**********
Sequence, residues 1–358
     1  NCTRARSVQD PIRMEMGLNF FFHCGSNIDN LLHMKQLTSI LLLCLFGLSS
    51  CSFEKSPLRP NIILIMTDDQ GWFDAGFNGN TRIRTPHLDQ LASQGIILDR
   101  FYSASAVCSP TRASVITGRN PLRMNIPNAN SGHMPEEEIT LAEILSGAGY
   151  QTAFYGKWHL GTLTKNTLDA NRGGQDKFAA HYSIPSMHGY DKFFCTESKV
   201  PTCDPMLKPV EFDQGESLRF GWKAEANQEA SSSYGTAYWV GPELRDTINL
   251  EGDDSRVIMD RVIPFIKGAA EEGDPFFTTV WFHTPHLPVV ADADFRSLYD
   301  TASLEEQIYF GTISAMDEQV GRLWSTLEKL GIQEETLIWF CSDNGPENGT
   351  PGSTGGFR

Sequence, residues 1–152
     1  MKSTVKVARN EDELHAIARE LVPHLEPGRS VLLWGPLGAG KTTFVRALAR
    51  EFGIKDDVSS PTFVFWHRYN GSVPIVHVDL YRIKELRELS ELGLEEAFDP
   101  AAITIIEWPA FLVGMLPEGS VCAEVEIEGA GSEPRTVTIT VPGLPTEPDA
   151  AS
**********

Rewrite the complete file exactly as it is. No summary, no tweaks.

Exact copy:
Sequence, residues 1–358
     1  NCTRARSVQD PIRMEMGLNF FFHCGSNIDN LLHMKQLTSI LLLCLFGLSS
    51  CSFEKSPLRP NIILIMTDDQ GWFDAGFNGN TRIRTPHLDQ LASQGIILDR
   101  FYSASAVCSP TRASVITGRN PLRMNIPNAN SGHMPEEEIT LAEILSGAGY
   151  QTAFYGKWHL GTLTKNTLDA NRGGQDKFAA HYSIPSMHGY DKFFCTESKV
   201  PTCDPMLKPV EFDQGESLRF GWKAEANQEA SSSYGTAYWV GPELRDTINL
   251  EGDDSRVIMD RVIPFIKGAA EEGDPFFTTV WFHTPHLPVV ADADFRSLYD
   301  TASLEEQIYF GTISAMDEQV GRLWSTLEKL GIQEETLIWF CSDNGPENGT
   351  PGSTGGFR

Sequence, residues 1–152
     1  MKSTVKVARN EDELHAIARE LVPHLEPGRS VLLWGPLGAG KTTFVRALAR
    51  EFGIKDDVSS PTFVFWHRYN GSVPIVHVDL YRIKELRELS ELGLEEAFDP
   101  AAITIIEWPA FLVGMLPEGS VCAEVEIEGA GSEPRTVTIT VPGLPTEPDA
   151  AS